Kim Hak Soon, a former Comfort Woman, who testified in public for the first time in Korea that she was
forced to serve Japanese solders sexually. She was born in Manchuria and sold by her stepfather to a
Japanese military in 1941 when she was sixteen (Consider that Korean age is 1 or 2 years older than "universal" age)

According to an interview, this is the story of how her stepfather trade her, the life as a Comfort Women and how she ran away.

My father passed away when I was young. I was maltreated because people believed my father died due to
my bad luck. When my mother got married again, I was adopted at the age of 14. My stepfather sent me
a gisaeng school, female entertainer school, to learn music and dancing. He took me to Manchuria with
another stepdaughter to do business using us. We thought we would become a gisaeng when he treaded us.
But we were sold as Comfort Women to a Japanese platoon located in Northern China. I never knew that
I would become a plaything for Japanese solders.

I followed wherever Japanese solders went because I was so young. I didn’t have discretion even to  remember the name of troops or the commander. We were taken to an empty Chinese house located in front
of the troops and I saw three other Korean girls. At least I was relived to see them. I didn’t know their Korean names but they were called by their Japanese name, Miyako, Sadako, Sijiae. Five Korean girls became Comfort Women there and the oldest one was 22. Others were 17, 18, 18 years old and I was
sixteen. So I was the youngest.

I can’t put my life there in words. I tried not to think of my life there because it wasn’t a human being’s life. It was like a public toilet for the Japanese solders. I get frightened even now. When solders dashed to me…. I bit my lips. I ran away but got caught.

One night I ran away with a Korean man’s help when he came by the troops for his business. Every girl
got crazy to get his help on that day. They must have thought they could run away with his help. He
had a wife in Korea and did business to sell silver coins. I followed him and survived in China.  After the 1945 Liberation of Korea, I came to Seoul.

Just like Kim Hak Soon story there are plenty more, there are still many women that had never told anyone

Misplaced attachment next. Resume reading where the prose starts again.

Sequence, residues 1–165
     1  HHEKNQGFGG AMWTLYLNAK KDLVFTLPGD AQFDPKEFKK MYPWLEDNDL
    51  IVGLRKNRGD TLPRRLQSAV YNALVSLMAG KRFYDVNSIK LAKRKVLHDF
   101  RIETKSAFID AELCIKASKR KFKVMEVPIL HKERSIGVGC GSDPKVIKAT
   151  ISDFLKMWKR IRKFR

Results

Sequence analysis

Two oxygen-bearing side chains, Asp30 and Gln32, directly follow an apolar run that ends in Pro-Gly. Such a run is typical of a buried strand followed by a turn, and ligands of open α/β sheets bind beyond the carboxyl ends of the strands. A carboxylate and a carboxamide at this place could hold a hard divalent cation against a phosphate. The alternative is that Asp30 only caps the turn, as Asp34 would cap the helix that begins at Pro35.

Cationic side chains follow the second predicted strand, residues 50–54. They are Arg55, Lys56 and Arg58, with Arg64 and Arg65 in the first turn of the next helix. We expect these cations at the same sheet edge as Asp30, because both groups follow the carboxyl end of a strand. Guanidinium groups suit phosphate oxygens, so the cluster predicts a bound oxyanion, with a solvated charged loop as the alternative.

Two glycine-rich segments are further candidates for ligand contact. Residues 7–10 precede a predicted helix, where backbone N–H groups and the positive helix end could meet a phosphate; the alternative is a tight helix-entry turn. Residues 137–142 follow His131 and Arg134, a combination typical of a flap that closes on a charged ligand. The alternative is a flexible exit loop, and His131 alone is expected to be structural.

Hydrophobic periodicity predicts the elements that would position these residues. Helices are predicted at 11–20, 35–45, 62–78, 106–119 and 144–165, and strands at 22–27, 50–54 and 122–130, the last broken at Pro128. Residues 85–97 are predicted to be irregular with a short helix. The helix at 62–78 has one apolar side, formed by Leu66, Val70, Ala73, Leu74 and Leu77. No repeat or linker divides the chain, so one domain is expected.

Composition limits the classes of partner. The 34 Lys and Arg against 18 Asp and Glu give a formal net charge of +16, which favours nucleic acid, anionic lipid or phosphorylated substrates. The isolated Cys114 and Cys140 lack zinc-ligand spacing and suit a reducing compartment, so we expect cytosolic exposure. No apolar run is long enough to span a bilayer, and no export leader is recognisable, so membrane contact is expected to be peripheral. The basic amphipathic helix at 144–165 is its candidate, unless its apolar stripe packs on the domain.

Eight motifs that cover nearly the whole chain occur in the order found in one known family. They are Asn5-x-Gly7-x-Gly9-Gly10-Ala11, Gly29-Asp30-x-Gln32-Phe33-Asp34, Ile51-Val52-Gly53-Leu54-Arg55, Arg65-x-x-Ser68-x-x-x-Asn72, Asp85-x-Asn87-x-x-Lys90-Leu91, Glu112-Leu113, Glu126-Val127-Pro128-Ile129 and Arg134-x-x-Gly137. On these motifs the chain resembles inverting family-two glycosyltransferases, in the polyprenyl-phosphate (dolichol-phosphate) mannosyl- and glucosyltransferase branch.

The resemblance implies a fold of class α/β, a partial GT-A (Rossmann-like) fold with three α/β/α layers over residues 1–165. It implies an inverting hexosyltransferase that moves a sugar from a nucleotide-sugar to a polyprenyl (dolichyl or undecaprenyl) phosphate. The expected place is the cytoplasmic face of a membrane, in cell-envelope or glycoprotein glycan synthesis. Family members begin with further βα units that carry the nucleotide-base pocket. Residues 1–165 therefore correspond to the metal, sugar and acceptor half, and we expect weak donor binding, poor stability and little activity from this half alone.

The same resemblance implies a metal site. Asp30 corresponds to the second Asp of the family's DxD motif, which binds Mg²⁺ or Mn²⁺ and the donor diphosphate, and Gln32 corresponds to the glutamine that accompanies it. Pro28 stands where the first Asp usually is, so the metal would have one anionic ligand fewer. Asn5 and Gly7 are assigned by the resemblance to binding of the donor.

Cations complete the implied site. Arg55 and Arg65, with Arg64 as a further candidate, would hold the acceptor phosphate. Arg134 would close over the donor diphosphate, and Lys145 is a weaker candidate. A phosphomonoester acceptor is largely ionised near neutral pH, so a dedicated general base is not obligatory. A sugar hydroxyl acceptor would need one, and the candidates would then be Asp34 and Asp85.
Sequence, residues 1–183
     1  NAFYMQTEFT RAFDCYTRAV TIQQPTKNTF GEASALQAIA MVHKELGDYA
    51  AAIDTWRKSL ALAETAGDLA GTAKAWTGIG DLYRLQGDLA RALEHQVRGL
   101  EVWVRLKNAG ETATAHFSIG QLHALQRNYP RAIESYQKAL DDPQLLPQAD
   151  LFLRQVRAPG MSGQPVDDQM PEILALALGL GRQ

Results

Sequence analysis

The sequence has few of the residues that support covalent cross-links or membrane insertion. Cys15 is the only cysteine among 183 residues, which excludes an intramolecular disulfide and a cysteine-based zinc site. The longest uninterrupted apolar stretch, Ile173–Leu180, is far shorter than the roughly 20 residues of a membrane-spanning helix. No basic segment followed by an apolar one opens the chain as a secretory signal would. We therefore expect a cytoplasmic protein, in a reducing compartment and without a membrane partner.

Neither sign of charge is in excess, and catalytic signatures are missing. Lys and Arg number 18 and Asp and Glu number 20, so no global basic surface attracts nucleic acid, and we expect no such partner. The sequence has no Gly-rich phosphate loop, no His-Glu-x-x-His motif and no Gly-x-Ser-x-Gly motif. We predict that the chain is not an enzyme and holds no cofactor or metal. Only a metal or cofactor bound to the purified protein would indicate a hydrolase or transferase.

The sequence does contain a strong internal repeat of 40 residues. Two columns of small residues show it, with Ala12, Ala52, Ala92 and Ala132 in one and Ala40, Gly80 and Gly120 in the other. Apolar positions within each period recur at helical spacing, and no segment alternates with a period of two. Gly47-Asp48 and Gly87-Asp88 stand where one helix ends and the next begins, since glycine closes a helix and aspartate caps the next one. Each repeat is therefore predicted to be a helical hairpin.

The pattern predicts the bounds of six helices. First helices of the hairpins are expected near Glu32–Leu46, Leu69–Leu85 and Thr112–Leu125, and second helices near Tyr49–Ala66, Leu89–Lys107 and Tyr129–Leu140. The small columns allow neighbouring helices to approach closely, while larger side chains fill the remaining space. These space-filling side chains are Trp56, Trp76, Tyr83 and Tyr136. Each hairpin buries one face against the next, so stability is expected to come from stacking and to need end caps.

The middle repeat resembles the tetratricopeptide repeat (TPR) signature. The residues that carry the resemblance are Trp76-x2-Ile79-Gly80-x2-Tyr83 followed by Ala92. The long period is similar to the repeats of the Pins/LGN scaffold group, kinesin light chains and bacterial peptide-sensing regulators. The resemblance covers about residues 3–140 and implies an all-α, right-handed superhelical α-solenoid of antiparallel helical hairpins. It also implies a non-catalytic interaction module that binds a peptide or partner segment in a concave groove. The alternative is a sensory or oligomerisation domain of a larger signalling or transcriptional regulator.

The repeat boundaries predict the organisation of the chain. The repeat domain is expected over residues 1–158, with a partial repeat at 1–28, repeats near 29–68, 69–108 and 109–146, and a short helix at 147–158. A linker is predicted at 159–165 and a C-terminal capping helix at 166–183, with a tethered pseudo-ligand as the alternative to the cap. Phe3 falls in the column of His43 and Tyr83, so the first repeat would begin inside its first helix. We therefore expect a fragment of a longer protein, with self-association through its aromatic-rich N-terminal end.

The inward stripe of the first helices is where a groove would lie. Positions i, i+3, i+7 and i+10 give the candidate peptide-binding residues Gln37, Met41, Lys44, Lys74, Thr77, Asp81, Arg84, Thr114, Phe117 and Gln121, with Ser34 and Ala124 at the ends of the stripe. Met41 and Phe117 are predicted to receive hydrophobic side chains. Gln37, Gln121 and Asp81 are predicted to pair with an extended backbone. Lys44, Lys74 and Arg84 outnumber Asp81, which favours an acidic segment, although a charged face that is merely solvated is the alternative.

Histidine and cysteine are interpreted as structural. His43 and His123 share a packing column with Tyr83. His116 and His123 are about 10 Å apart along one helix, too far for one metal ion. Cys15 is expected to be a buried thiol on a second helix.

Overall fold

they were Sex slaves when the Japanese occupied Korea so many stories will remain untold.

After the tour trought the museum we went to meet the Halmoni, the volunteers brought a piece of fabricm,
paint brushes and some paint so we all could paint something for them, they were there in the same room
with us, I wanted to talk to them for 1st I don't speak Korean and 2nd What was I supposed to say? "Fighting!"?, no ofense, but I just couldn't find words that expressed how I felt being aroung them, you just feel  like you wanna hug them and take care of them o_o , anyway, when we finish painting it was time to go,
the cabs had arrived and we had a long way back to Seoul.

For more information visit:  http://www.houseofsharing.org 
For Sharing House information in Korean visit:  www.nanum.org
Entrance Fee: 5,000 KRW
If you wanna go on of of this tours you can go here 

Here are some pics I took while being there....

Painting the halmonis make as therapy

Gifts presented by visitors

More Presents (Many of the visitors are Japanese)

Military Money and a Condom (that they had to wash before and after receiving a man)

All the dots represent a location of a "comfort station"

-Gisela V.

Painting made for the Halmonis

Ps. If you wanna see all the pics theres a folder on my Facebook, just have to add me :) 


  1. Oh dear, the grey on white text is not looking good, this is almost impossible to read...